August 16, 2017

This is Why English Pronunciation is So Hard

5 minute read

Let’s be honest, English pronunciation makes no sense. Unlike most other languages, where words that end in the same way usually rhyme, in English you can change the first letter of a word and suddenly you have to change the way you say the rest, too.

Meanwhile, words that look completely different are sometimes pronounced in exactly the same way, for example “I” and “Eye”.

If this drives you crazy, you’re not the first person. Just look at the section of a poem (below) by Gerard Nolst Trenité, a Dutch writer who wrote a book in the 1900s called How to Lose Your Foreign Accent, which helped students to get used to the strange ways English words are pronounced.

He called the poem “The Chaos” and when you read the first few verses, you quickly realise why he was so frustrated!

Pray, console your loving poet,

Make my coat look new, dear, sew it!

Just compare heart, hear and heard,

Dies and diet, lord and word.

Now I surely will not plague you

With such words as vague and ague,

But be careful how you speak,

Say: gush, bush, steak, streak, break, bleak

Liberty, library, heave and heaven,

Rachel, loch, moustache, eleven.

We say hallowed, but allowed,

People, leopard, towed but vowed.

… What a tongue-twister! There’s no doubt about it, English pronunciation doesn’t follow logical rules.

The big question though, is: why?

Why Is English Pronunciation So Confusing?

English spellings and pronunciation are so strange because the language is really a mix of lots of different languages.

In fact, English is made up of words taken from Latin, Greek, French and German, as well as little bits and pieces of other local languages like Celtic and Gaelic. More recently, the English language has also picked up words from countries that used to be part of the British Empire, including India - and we tend to borrow words we like the sound of from Spanish, Italian, Arabic and just about every corner of the world, too!

Where do Common English Words Come From?

Even though English is not a Romance language like Italian or French, 60% of English words have Latin or Greek roots.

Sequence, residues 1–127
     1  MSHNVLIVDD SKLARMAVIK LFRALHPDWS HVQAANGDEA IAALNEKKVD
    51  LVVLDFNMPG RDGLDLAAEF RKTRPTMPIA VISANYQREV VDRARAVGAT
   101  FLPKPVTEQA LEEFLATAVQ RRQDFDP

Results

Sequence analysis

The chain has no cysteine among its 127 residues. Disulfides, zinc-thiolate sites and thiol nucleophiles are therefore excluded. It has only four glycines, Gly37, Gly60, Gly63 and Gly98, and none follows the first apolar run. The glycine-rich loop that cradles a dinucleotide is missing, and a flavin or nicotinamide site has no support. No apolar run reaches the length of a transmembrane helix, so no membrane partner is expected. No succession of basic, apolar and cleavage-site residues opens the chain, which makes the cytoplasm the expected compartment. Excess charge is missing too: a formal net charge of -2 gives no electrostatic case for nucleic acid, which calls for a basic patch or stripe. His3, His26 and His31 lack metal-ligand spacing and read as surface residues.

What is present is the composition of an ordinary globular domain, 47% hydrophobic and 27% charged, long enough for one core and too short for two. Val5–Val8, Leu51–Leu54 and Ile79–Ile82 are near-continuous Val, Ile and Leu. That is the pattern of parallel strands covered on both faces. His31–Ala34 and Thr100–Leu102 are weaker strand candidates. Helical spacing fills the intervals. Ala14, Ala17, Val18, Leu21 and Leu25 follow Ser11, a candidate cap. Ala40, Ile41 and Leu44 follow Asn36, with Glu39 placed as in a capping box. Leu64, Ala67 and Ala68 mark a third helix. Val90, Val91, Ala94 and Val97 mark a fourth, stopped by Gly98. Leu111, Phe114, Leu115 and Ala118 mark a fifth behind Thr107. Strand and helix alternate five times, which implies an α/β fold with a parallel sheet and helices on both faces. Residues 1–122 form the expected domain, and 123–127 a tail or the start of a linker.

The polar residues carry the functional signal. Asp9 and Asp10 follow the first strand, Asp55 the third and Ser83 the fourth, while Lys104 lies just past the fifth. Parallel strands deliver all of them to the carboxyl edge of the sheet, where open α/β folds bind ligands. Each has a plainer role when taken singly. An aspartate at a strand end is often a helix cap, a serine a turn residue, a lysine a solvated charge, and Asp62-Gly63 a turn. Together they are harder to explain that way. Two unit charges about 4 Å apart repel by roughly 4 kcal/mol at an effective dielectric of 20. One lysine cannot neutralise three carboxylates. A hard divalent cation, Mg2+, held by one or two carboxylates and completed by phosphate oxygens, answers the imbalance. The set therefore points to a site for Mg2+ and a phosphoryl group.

For example, any words that have “para” in them (like parachute or paragraph), “tele”, (e.g. telephone), or “cyclo” (e.g. encyclopaedia or bicycle) actually come from Ancient Greek words.

Thousands of words in English come from Latin, including many common words like picture, village, long, famous, pirate, quiet, priest and even language.

Then there are words that were brought to England by the Angles and Saxons when they invaded. These people spoke Germanic languages, which is why many English words today look or sound similar to German.

For example: boot, night, apple, so, good, craft, ground, crystal, God, right, under, name… and many, many more. In fact, most of the common words English speakers use every day come from German roots.

Next, there are French words. The Normans, from France, took over England in the year 1066, and for hundreds of years, the Royal Family continued to use French in all important situations.

That meant that many, many French words also become part of the English language. Words like: person, fruit, order, prayer, prince, lion, captain, justice, art, paint, November, etc.

Too Many Tongues!

Of course, all these different languages had very different systems for spelling and punctuation, so when they were all mashed up together to make English, they didn’t follow one single set of rules.

So, remember: next time you get confused by English words that don’t sound the way they look, or English pronunciation that seems to make no sense, remember that it’s because you’re really speaking Latin, Greek, German, French and many other languages, all at the same time!


Are you ready for the challenge of getting your English pronunciation perfect? Take a look at our range of courses at